We conclude our countdown of my favorite 1970s Christmas TV episodes with 1972’s “Dear Dad” from M*A*S*H.
Written by Larry Gelbart, the creator of the M*A*S*H TV series, “Dear Dad” was one of the most important episodes of the iconic long-running TV series about a mobile hospital unit during the Korean War, and the surgeons and nurses who make up the unit. You see, this is the episode that Gelbart came up with the concept of framing the episode around a letter that one of the doctors was writing to someone back at home. The first doctor to get one of these episode was, naturally, the main star of the series, Alan Alda as Benjamin “Hawkeye” Pierce (of course, Wayne Rogers didn’t know that Alda was definitely the star when the series started, as he figured his Trapper John character was the co-lead, but it was soon obvious he was very much second fiddle to Alda’s Hawkeye).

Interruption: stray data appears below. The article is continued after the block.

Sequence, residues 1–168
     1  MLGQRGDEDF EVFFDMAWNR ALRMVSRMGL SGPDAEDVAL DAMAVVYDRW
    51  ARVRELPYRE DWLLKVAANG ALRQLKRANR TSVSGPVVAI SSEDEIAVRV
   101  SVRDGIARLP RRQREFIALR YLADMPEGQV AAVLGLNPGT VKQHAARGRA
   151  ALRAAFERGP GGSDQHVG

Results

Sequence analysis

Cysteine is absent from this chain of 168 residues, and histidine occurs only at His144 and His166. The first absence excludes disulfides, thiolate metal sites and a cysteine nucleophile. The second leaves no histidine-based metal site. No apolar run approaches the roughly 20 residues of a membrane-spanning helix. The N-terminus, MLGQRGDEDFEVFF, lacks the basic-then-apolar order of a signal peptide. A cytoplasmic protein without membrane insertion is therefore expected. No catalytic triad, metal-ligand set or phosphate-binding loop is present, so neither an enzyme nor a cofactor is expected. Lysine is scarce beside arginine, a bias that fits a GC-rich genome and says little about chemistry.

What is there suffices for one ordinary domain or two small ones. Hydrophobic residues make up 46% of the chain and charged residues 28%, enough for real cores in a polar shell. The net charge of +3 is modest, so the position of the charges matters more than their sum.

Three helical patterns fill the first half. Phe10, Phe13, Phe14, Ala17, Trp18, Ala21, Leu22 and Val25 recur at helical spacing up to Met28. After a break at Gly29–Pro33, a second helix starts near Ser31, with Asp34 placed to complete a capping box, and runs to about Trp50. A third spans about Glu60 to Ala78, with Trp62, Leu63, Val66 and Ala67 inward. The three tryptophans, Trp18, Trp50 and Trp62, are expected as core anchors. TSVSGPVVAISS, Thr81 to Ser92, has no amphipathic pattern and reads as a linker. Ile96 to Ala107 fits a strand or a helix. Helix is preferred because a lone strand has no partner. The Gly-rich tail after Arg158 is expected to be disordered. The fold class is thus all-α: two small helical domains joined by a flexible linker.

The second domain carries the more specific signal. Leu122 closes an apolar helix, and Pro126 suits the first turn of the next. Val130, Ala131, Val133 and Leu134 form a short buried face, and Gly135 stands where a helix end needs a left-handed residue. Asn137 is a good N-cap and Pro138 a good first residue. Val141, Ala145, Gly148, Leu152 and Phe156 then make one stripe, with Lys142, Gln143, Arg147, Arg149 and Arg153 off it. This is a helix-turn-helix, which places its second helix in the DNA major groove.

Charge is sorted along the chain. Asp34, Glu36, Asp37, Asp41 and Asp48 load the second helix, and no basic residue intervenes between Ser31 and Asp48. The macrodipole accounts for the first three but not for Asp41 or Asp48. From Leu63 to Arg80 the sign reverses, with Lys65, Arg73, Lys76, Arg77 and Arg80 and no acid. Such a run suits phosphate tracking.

The reason this was such a great innovation is that it allowed us to get DEEP into the minds of the characters, as they are able to express their true feelings about all of their comrades when talking frankly to a relative. It gives us a great deal of insight into the inner workings of the character’s minds, and this episode really went deep on Hawkeye.
The big action moment in this episode is when Hawkeye, who is playing Santa Claus for a Christmas celebration for a group of orphans, is needed on the front lines. The M*A*S*H units were behind the front lines, but on occasion, combat surgeons were needed for wounded soldiers who could never make it back to the M*A*S*H units, so Hawkeye travels in a helicopter to the front lines to perform surgery on a wounded colonel dressed as Santa Claus. It’s an iconic image.
The rest of the episode is just typical excellent writing by Gelbart, one of the best TV writers of his generation. Some dark stuff, some light stuff, the mixture that made M*A*S*H so great was fully present throughout this episode, and there is enough of a festive spirit (especially Hawkeye’s message at the end to his father before he passes out from exhaustion) that it really feels like a Christmas episode, even among the war and the strife. Just a brilliant episode.